If I’m not careful, the late afternoon “hangries” have a way of sneaking up on me during that in-between time when lunch is a distant memory but it’s not yet time for dinner. When it happens, rather than taking some extra time to prepare a healthy snack, I find myself rummaging through the cupboards in search of whatever is quickest and easiest. But I recently learned that if I prepare my lunch a certain way, it might actually help give it a little more staying power.
As studies have shown, if lunch happens to be leftover pasta (or potatoes, rice, or lentils) from the day before, reheating it could be the difference between hangry snacking and more intentional snacking later in the day.
Low blood sugar often results in hunger
Hunger is often the result of low blood sugar, which acts as a signal that we need to eat. According to a recent study, published in the journal Nature Metabolism, people who experienced big dips in blood sugar levels several hours after eating felt hungrier and ate more than people who only experienced a gradual decline in blood sugar levels.
One way to avoid a big dip in blood sugar is to opt for foods with a lower glycemic index, which is a measure of how much a specific food will raise your blood sugar. Generally speaking, foods that have a lot of refined sugar and carbs have a high glycemic index, while foods that contain fibre, fat, and protein tend to have a lower glycemic index.
Foods with a high glycemic index will cause your blood sugar to spike rapidly, while foods with a lower glycemic index will take longer to digest, and have a more gradual effect, which includes a less pronounced blood sugar increase.
Reheated leftover pasta causes a more gradual change in blood sugar
In a 2020 study published in the journal Foods, a group of study participants were fed three separate meals, in random order, of pasta that was either hot, cooled, or reheated, after which their blood sugar levels were monitored for a two-hour period.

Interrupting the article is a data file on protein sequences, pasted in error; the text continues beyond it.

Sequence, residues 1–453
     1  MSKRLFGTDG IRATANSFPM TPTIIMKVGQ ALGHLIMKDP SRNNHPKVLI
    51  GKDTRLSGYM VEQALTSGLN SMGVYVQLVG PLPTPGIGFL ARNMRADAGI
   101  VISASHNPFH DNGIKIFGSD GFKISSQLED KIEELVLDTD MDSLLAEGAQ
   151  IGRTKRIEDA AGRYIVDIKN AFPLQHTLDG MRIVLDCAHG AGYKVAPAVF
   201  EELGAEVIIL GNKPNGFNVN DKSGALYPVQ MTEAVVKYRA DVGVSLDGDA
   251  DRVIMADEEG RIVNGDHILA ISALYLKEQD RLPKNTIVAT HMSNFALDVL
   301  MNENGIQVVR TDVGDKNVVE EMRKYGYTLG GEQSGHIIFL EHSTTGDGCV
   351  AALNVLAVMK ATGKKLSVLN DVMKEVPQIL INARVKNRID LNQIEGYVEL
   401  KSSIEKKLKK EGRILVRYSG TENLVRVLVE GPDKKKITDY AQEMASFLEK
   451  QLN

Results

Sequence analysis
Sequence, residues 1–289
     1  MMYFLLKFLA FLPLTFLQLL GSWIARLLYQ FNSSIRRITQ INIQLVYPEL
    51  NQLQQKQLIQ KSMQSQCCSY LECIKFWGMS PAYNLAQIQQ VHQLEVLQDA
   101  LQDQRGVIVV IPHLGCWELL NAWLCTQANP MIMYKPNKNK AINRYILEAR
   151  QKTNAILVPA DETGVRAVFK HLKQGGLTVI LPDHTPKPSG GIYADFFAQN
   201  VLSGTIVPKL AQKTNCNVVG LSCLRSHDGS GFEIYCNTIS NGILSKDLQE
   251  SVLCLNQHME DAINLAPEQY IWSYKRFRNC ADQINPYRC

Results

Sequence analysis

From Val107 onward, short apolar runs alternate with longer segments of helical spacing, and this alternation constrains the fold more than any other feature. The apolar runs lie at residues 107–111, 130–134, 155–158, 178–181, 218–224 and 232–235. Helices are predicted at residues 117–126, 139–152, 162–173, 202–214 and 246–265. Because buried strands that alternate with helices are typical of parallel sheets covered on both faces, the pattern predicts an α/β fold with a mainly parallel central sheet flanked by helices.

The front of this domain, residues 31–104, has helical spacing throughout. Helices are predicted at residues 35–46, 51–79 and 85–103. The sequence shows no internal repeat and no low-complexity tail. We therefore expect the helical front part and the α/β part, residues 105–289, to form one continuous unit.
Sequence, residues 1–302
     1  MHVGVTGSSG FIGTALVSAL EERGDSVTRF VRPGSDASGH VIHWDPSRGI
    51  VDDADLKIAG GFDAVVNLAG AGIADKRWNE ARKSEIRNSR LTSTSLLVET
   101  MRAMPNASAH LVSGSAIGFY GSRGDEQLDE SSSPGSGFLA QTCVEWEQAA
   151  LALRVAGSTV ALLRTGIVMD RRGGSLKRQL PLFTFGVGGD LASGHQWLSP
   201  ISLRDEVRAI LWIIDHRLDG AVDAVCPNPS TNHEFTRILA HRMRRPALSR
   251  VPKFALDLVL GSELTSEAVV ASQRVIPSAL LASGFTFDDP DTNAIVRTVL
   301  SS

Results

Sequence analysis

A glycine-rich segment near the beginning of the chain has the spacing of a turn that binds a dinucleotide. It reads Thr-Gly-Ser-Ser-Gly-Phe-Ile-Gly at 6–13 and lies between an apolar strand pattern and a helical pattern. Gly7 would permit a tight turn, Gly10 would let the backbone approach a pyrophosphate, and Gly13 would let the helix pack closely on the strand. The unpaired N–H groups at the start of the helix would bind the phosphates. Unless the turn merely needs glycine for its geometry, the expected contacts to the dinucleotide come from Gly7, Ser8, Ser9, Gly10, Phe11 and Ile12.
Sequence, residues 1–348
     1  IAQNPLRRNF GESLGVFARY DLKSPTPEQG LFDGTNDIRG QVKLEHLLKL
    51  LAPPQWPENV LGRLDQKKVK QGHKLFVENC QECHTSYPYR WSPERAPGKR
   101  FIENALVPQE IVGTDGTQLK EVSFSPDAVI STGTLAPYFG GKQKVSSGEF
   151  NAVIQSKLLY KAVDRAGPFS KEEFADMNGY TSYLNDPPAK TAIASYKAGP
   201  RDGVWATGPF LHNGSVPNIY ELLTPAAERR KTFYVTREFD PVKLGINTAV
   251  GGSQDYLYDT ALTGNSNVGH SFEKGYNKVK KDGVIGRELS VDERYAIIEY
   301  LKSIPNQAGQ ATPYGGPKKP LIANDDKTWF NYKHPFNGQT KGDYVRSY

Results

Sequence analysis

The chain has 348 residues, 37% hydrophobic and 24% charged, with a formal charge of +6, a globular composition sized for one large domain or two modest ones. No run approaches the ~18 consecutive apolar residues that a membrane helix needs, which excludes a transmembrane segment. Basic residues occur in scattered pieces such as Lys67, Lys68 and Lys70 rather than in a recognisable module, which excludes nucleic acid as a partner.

Those who ate the reheated pasta, experienced a less pronounced spike in their blood sugar levels than those who ate freshly cooked pasta. It’s believed that this effect on blood sugar is due to the higher amounts of resistant starch found in pasta that has been cooled and reheated. Resistant starch takes longer to digest, which in turn leads to a more gradual change in blood sugar.
A similar effect is also observed in foods like potatoes, lentils, and rice, all of which have higher levels of resistant starch after being cooled and reheated.
Reheated pasta helps take the edge off
I ended up testing this out on two separate days, when I ate a lunch of hot spaghetti with veggie meatballs, followed by a reheated dish of the same meal the next day. If you are worried about drying out your pasta, you can either place an ice cube in the centre or cover it with a damp paper towel, which creates enough steam to keep it re-hydrated.
As such, the effect felt subtle. On the day I ate reheated pasta, it took enough of the edge off my hunger that it was a bit easier to take my time preparing a late afternoon snack of apple slices and peanut butter, rather than rummaging through the pantry in a state of aggravation for a bag of chips.
Supposedly, this is a hack that can help with weight loss, although I’m a bit sceptical of that claim, as our bodies are very good at keeping us at a stable weight. However, there is more to health than just weight, and in my own experience, eating a healthier variety of food offers a number of physical and mental benefits that have nothing to do with a number on the scale.
It may not be a huge change, but it’s enough, especially when it’s as simple as re-heating leftovers for lunch.